Future-proofing a website with HTML5 is one thing, but coding a website so that it works in older browsers adds another layer of complexity. The designer’s life would be made much easier by having a complete base template for building websites in HTML5, CSS and JavaScript that takes into account older browsers and available enhancements.


That’s where HTML5 Boilerplate15 comes in. It’s a base template for a fast, robust and future-proof site that includes not only files for the HTML, CSS and JavaScript, but also a robots.txt file, .htaccess file and mobile style sheet. It normalizes behavior between browsers — working even in IE6 and IE7 — and handles progressive enhancement for optimum accessibility. It’s also built so that the developer can remove part of it without breaking the whole thing. (cc)

5. Bookmarking Deluxe: Share and Sync Your Links With URList

Whether you want to share links with others or sync your bookmarks between computers, URList might be just the tool you’re looking for. URList not only enables you to create and save link lists easily and share them via Twitter or email with coworkers and friends, but also lets you access those links from anywhere. And creating lists is dead easy. Just drag URList’s bookmarklet to your browser’s bookmark bar and click it whenever you want to add a link.


To edit a list, you have to sign in via Twitter or Google account (no sign-up is required). You can then add to a list, delete links or rename them. You can also share a list’s URL with friends and access your lists from another computer. No matter how you use it, URList is a handy little tool. (mm)

6. Get Old Versions of Your Favorite Software

Ever upgraded an application and then found that you hated the new version, or that it was incompatible with another program you use? Or maybe you just long for software from your teenage years. Perhaps your favorite plug-in doesn’t work with the new version? Any of these sound familiar? Then here is a solution for you.

Favourite Software16

OldVersion.com17 provides downloads of outdated versions of popular software programs. There’s everything from Netscape to Camino, AIM and ICQ to LimeWire and Blender. Most programs have multiple archived versions available, often dating back many years. (Ever wanted to see what IE 2.0 looked like on a Mac? Now you can!) A couple of hundred programs are available, for both Mac and PC. Just remember that programs are often updated because of security vulnerabilities. (cc)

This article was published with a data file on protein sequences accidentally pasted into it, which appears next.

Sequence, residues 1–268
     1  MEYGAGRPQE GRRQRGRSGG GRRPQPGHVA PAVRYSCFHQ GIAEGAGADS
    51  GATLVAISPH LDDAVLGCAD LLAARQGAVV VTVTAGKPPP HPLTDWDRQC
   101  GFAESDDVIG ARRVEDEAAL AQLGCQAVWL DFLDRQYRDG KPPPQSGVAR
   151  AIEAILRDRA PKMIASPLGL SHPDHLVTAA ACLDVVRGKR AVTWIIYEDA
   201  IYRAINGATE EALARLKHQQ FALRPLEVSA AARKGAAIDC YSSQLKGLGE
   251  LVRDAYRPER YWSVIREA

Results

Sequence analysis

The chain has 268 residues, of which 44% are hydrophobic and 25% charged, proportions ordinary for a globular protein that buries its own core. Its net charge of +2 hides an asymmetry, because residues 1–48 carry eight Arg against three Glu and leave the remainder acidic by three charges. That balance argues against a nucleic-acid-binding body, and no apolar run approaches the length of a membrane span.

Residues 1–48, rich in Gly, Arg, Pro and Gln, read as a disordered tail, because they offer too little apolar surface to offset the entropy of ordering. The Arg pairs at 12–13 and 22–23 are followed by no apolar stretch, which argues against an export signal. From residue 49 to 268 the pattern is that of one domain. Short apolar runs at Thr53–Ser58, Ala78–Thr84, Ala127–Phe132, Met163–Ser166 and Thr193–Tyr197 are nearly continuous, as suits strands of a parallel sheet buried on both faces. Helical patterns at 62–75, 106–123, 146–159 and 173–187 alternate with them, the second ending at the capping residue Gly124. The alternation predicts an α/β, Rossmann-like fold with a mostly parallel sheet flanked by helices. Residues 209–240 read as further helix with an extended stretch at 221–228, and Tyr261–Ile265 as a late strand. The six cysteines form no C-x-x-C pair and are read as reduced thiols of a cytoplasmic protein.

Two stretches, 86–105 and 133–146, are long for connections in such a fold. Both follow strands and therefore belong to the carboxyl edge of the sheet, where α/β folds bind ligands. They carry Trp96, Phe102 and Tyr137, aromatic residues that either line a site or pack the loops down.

7. Design Environments: Where Do You Design?

Ever dreamed of a bigger space, nicer office or more original desk? Where We Design18 is a showcase of design environments of people who are proud of where they work. These designers, artists, architects, freelancers and agencies have uploaded images of their offices for all to see and be inspired. The purpose of the website is to find out about the places where they built their achievements and how the environments helped them.

Design Environment19

Workspaces are rated by the community based on design, uniqueness or simply how much people would want to work there. The insights and descriptions make the gallery even more interesting to explore. Let yourself fall into this dream of inspiring and unique spaces. Who knows what your work environment will look like in future? (jb)

The authors are: Vitaly Friedman (vf), Christina Sitte (cs), Manuela Müller (mm), Cameron Chapman (cc), (jb).


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The Smashing Editorial prepares bi-weekly newsletter issues with lots of love and appreciation for the good ol' web with the latest tips and tricks for designers and web developers. Vitaly Friedman, Smashing Magazine's editor-in-chief, started this project back in early 2010. Today, we can't imagine a better way of informing and communicating with our fans and readers!